A 21st Century View of Shakespeare’s Portia in The Merchant of Venice
Yousma Sajad
Heroine, will, disguise, moneylending, wit, marriage, gender discrimination
The Merchant of Venice is a 16th-century comedy written by William Shakespeare, in which a merchant in Venice named Antonio defaults on a large loan provided by a Jewish moneylender, Shylock. Portia is a rich, gracious, charming, beautiful, intelligent and quick-witted heiress of Belmont; her only weakness is being a woman in the 16th century, which she quite wittily doesn’t let get in her way of being the heroine and the main protagonist of the play. She is bound by the lottery set forth in her father's will, which gives potential suitors the chance to choose between three caskets composed of gold, silver and lead. If they choose the right casket – the casket containing Portia's portrait and a scroll – they win her hand in marriage. If they choose the incorrect casket, they must leave and never seek another woman in marriage. Portia is glad when two suitors, one driven by greed and another by vanity, fail to choose correctly, although she demonstrates tact to the Princes of Morocco and Arragon, who unsuccessfully seek her hand. She favours Bassanio, a young Venetian noble, and using her wit and intelligence, she does end up getting married to him. Later in the play, she disguises herself as a man, then assumes the role of a lawyer's apprentice (named Balthazar) whereby she saves the life of Bassanio's friend, Antonio, in court. In the court scene, Portia finds a technicality in the bond, thereby outwitting the Jewish moneylender Shylock and saving Antonio's life from the pound of flesh demanded when everyone else including the Duke presiding as judge and Antonio himself fails. Shylock leaves the trial with both his life and his job intact but retains only half of his money and is deprived of his identity on being forced to convert to Christianity, while his daughter Jessica and her husband Lorenzo with whom she had previously eloped are found in Portia's castle in complete happiness. Portia and Bassanio, on the other hand, continue to live together along with the former's lady-in-waiting Nerissa and her husband Gratiano.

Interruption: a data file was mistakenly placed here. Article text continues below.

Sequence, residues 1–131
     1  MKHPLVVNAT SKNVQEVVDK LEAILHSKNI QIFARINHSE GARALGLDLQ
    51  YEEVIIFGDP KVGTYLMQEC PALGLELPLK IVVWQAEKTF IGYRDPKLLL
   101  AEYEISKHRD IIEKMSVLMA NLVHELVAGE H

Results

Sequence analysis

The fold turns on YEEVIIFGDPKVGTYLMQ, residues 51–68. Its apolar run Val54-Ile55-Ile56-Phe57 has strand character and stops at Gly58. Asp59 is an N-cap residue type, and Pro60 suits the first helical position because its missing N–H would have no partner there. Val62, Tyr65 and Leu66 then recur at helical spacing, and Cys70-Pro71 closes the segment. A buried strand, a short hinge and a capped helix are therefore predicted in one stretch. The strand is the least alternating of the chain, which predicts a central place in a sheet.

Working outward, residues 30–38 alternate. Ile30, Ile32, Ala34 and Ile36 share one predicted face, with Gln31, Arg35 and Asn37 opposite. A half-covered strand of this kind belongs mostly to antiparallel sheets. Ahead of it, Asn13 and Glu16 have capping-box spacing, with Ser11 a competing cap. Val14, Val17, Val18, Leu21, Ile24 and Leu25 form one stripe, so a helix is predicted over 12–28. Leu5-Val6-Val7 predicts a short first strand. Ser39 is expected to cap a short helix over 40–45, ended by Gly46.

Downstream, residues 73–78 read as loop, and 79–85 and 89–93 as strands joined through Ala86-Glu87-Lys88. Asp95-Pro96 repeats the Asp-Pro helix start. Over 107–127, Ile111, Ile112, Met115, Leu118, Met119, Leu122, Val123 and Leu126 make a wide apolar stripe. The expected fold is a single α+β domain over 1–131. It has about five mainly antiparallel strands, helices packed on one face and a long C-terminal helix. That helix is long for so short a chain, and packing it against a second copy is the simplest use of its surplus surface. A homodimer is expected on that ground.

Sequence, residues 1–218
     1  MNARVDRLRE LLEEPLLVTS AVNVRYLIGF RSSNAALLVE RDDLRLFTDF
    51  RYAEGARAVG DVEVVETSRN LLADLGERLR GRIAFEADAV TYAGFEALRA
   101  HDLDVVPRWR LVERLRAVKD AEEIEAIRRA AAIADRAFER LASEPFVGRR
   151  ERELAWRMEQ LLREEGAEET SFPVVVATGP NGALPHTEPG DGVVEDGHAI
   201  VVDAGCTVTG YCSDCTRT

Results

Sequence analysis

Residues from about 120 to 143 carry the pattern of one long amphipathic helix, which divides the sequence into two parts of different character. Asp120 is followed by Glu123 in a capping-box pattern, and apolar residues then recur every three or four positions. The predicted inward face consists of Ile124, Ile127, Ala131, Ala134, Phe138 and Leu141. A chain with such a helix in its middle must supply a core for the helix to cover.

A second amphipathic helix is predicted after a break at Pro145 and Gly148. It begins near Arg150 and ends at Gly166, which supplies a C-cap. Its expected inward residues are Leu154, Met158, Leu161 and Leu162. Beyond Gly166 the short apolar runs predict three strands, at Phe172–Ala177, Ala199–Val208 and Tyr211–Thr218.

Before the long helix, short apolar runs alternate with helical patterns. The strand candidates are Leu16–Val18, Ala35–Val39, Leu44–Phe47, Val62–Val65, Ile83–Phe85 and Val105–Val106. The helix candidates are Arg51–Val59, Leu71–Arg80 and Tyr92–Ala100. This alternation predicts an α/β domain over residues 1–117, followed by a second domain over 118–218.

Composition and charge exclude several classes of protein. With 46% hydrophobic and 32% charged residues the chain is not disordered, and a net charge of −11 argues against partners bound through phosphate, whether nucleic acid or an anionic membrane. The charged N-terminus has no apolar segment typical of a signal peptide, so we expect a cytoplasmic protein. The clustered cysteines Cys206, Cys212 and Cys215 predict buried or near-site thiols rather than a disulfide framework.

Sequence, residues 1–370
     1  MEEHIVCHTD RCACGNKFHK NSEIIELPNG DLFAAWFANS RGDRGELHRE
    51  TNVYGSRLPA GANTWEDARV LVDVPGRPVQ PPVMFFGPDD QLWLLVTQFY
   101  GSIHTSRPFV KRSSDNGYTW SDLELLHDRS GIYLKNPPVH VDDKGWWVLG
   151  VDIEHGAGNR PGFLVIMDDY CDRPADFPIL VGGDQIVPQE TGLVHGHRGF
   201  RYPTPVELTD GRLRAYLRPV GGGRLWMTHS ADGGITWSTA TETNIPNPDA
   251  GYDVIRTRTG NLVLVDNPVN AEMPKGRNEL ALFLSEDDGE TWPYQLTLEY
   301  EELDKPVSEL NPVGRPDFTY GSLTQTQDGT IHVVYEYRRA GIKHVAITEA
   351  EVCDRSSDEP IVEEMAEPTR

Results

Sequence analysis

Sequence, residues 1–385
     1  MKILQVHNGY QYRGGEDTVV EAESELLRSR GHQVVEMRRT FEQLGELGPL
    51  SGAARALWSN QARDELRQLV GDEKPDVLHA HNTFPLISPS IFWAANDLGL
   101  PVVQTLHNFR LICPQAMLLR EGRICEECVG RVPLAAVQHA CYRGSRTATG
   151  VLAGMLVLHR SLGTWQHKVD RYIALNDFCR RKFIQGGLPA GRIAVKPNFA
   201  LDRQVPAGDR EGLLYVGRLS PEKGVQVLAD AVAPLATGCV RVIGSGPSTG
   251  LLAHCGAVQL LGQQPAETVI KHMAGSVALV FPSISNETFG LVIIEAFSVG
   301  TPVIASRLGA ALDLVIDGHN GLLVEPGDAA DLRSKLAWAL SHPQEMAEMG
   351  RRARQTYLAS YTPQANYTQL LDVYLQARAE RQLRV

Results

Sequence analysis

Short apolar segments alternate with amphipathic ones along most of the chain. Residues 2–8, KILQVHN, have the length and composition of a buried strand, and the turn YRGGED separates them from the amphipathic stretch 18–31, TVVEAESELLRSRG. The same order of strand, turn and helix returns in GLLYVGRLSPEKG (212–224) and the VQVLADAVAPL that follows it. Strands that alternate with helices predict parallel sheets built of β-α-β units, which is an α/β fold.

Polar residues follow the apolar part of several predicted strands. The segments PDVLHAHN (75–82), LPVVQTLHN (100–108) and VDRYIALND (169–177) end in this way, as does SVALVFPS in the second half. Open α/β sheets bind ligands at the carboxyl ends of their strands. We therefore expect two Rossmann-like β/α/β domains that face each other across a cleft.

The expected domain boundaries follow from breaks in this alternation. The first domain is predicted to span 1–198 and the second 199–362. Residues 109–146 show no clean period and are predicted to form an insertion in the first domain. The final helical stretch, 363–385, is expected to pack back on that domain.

Article Details
Unique Paper ID: 153530

Publication Volume & Issue: Volume 8, Issue 7

Page(s): 403 - 408
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